The Sutton Coldfield train crash took place at about 16:13 on 23 January 1955 in Sutton Coldfield, Warwickshire, when an express passenger train traveling from York to Bristol, derailed due to excessive speed on a sharp curve.
The Ealing rail crash was an accident on the British railway system that occurred on 19 December 1973. The 17:18 express train from London Paddington to Oxford—with approximately 650 passengers on board—was derailed while travelling at around 70 mph (110 km/h) between Ealing Broadway and West Ealing. Ten passengers were killed and 94 were injured, and it was Britain's deadliest train crash of the decade until the Moorgate tube crash which killed 45. The cause of the accident was an unsecured maintenance door that had fallen open whilst the train was travelling, after having struck several lineside objects, it struck a Point machine at Longfield Avenue, derailing the entire train.
The Spa Road Junction rail crash was an accident on the British railway system which occurred during the peak evening rush hour of 8 January 1999 at Spa Road Junction in Bermondsey, in South East London.
There have been a number of train accidents on the railway network of Victoria, Australia. Some of these are listed below.
The railways of New South Wales, Australia have had many incidents and accidents since their formation in 1831. There are close to 1000 names associated with rail-related deaths in NSW on the walls of the Australian Railway Monument in Werris Creek. Those killed were all employees of various NSW railways. The details below include deaths of employees and the general public.
The Grantham rail accident occurred on 19 September 1906. An evening Sleeping-Car and Mail train of the Great Northern Railway, running from London Kings Cross to Edinburgh Waverley hauled by Ivatt 'Atlantic' No 276 derailed, killing 14. The accident was never explained; the train ran through Grantham station, where it was scheduled to stop, and derailed on a set of points on a sharp curve at the end of the platform, which at the time had been set for a freight train. No reason was ever established as to why the train did not stop as scheduled, or obey the Caution and Danger signals.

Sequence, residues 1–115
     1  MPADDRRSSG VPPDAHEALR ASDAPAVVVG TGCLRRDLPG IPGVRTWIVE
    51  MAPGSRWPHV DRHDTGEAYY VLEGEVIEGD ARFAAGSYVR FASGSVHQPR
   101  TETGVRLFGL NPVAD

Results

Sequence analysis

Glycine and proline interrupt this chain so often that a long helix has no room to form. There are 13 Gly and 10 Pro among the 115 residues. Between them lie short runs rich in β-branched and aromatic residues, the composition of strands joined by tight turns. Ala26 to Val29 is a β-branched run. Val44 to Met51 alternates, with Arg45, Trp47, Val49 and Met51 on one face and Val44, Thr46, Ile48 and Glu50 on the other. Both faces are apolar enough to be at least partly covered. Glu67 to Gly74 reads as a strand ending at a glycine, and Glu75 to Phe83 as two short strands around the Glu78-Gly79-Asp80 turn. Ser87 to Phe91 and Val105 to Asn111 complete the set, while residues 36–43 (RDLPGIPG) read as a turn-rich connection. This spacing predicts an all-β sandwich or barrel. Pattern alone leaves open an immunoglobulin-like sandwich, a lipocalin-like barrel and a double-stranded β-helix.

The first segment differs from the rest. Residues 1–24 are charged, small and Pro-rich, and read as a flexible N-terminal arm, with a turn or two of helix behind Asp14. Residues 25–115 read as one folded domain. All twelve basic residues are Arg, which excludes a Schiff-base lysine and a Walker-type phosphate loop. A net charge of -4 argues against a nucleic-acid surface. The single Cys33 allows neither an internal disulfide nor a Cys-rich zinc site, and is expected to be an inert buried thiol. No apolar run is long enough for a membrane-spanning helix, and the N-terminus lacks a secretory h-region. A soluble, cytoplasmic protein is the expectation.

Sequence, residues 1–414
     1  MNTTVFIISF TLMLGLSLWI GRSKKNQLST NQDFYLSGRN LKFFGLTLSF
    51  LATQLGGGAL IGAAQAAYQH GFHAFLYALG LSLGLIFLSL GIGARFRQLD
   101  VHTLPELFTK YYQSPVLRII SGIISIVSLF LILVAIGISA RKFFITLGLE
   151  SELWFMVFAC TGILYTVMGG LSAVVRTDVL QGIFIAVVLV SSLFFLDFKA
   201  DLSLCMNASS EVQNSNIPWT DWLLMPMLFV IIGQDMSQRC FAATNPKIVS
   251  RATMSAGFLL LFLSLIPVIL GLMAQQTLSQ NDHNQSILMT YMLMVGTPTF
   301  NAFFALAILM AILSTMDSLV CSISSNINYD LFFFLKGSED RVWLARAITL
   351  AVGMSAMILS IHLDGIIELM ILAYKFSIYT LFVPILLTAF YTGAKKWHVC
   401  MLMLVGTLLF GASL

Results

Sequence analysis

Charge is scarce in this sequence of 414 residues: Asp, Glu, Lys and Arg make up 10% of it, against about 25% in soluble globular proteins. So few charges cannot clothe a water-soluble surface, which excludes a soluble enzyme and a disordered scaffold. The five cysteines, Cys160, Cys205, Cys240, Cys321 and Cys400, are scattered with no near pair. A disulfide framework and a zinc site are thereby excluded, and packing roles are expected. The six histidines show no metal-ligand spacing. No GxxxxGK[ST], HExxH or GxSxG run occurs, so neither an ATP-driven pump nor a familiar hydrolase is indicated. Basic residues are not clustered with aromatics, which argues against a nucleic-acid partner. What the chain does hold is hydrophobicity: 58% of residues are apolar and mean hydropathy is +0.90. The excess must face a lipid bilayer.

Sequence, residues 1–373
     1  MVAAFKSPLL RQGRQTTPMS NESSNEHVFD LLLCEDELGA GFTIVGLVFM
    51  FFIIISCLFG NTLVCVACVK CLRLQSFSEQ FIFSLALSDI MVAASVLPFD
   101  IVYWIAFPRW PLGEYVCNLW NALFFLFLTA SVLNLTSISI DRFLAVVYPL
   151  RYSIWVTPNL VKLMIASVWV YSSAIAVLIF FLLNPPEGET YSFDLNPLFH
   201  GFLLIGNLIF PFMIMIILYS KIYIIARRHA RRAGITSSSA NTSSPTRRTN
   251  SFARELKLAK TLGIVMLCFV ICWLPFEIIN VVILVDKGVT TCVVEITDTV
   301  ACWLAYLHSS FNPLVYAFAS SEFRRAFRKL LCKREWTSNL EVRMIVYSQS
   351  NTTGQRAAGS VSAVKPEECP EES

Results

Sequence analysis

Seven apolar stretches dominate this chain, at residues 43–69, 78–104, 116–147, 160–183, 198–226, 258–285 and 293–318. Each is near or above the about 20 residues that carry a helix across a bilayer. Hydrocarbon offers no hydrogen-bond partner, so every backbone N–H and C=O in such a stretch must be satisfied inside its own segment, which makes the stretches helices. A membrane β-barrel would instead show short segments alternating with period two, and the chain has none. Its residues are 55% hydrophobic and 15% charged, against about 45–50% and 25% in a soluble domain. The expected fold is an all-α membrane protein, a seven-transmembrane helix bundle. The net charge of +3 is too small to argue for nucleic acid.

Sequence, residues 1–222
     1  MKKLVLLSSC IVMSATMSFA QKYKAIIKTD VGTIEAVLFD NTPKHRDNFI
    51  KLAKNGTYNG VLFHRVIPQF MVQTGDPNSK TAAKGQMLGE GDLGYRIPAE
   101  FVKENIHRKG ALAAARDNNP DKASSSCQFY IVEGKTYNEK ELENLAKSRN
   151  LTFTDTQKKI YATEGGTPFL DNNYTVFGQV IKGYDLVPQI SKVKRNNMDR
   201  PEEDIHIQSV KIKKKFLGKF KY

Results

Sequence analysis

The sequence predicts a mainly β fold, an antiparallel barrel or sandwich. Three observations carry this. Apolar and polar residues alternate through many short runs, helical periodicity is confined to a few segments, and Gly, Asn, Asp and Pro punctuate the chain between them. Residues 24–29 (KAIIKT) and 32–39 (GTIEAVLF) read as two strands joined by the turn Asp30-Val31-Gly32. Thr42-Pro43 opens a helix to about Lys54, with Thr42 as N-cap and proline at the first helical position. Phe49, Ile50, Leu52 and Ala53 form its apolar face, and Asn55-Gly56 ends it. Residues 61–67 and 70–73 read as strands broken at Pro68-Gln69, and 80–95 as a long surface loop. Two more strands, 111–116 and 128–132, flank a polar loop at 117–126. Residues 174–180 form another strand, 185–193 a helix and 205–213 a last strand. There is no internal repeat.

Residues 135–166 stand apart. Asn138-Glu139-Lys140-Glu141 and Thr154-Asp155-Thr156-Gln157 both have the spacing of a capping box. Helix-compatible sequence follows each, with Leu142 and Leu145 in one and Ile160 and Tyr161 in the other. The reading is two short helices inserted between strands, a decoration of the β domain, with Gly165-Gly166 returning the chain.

The Audenshaw Junction rail accident occurred on the evening of 20 May 1970 near Guide Bridge railway station, Greater Manchester, England. A Class 506 electric multiple unit train from Manchester Piccadilly to Hadfield had started away from a signal when a set of points moved underneath the train, causing it to be derailed and throwing the centre carriage onto its side. Two passengers were killed and 13 were injured.
The Grayrigg derailment was a fatal railway accident that occurred at approximately 20:15 GMT on 23 February 2007, just to the south of Grayrigg, Cumbria, in the North West England region of the United Kingdom. The accident investigation concluded that the derailment was caused by a faulty set of points on the Down Main running line, controlled from Lambrigg ground frame. The scheduled inspection on 18 February 2007 had not taken place and the faults had gone undetected.
Jarvis plc was a British company that specialised in construction and civil engineering, with a focus on support services to the British railway industry during its latter years of operations.
The Settle rail crash was a railway accident that occurred at Langcliffe near Settle, England, on the night of 21 January 1960 in which two trains collided, killing five people and injuring eight more.
On 12 July 2013, a train crash occurred in the commune of Brétigny-sur-Orge in the southern suburbs of Paris, France, when a passenger train carrying 385 people derailed and hit the station platform. Seven people were killed and there were 428 injuries.